The GMFM-66 score was obtained from the GMFM-88 total score with Gross Motor Ability Estimator software.7 The characteristics of the GMFM-88 and the GMFM-66 are shown in Table 1. Complete GMFM results were obtained for all except 2 children (Tabs. 2 and 3). None of the children had scores close to the minimum or the maximum; they all had the potential to show changes in motor function in the 3 different GMFM scoring options. The GMFM scores were normally distributed.
According to the Swedish National Board of Health and Welfare, clinicians are obliged to secure quality of care by performing and reporting the results of clinical studies in everyday practice. Approval from an internal review board is not required for this type of research; subjects and all data were treated in accordance with the guidelines of the Helsinki Convention.
For evaluation of the longitudinal construct validity of the GMFM scoring options, the ES and the SRM were used. The ES was calculated as the mean difference between the baseline score and the follow-up scores divided by the standard deviation of the baseline score. The SRM was calculated as the mean change score divided by the standard deviation of the change scores.5 Effect sizes of 0.2 to 0.5 were classified as small, values of 0.5 to 0.8 were classified as medium, and values of greater than 0.8 were classified as large.27 The ES and SRM were calculated for measurements obtained before surgery and at 6, 12, and 18 months and 3 and 5 years after surgery to study the longitudinal construct validity of the GMFM scoring options (as opposed to treatment effectiveness). Results were analyzed for the group as a whole and for the 2 subgroups. When comparing ES and SRM between the GMFM scoring options at the different time intervals, the preferable instrument can be determined depending on follow-up time and GMFCS level.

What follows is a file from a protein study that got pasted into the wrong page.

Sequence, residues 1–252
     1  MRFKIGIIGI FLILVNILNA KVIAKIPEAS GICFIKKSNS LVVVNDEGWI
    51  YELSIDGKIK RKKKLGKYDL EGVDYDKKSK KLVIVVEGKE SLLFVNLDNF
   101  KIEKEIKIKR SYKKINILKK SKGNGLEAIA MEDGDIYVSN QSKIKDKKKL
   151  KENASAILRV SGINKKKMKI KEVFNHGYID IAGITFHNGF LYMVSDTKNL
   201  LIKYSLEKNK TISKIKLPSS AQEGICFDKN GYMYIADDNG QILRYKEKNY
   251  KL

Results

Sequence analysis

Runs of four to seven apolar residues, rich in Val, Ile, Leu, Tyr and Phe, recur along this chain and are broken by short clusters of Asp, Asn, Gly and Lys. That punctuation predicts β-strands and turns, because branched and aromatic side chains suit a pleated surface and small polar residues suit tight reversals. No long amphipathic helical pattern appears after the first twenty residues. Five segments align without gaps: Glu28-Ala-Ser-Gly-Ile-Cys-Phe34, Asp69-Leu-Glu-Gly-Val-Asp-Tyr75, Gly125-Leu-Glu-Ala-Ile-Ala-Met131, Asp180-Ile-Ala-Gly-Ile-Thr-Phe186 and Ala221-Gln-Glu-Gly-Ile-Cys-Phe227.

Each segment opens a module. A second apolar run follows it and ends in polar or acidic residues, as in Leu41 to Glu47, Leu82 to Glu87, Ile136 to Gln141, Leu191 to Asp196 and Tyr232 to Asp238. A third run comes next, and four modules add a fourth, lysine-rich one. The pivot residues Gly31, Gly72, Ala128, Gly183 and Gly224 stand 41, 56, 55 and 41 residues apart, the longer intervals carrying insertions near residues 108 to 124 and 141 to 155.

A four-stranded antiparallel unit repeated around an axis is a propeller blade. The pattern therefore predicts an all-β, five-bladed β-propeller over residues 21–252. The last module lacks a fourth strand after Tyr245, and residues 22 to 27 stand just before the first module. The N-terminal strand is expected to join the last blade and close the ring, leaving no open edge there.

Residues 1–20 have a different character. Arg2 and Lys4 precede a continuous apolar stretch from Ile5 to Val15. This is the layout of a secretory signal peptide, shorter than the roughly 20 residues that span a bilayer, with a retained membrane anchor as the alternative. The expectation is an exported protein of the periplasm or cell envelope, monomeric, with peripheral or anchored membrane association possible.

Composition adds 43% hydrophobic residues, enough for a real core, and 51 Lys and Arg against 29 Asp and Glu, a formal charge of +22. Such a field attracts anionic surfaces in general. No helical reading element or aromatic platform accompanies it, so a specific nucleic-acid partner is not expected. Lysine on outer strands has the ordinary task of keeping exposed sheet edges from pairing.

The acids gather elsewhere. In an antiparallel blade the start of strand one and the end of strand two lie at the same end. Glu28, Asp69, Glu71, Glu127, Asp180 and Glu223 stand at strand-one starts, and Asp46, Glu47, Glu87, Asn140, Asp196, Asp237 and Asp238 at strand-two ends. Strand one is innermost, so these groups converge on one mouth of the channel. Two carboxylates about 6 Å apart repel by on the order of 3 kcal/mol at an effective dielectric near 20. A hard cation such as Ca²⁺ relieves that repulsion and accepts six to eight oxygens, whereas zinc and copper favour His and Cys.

Role of the Funding Sources
The Linnéa and Josef Carlsson Foundation and the Stiftelsen för Bistånd åt Rörelsehindrade i Skåne funded the first author (ALJ) to analyze data and prepare a manuscript for publication.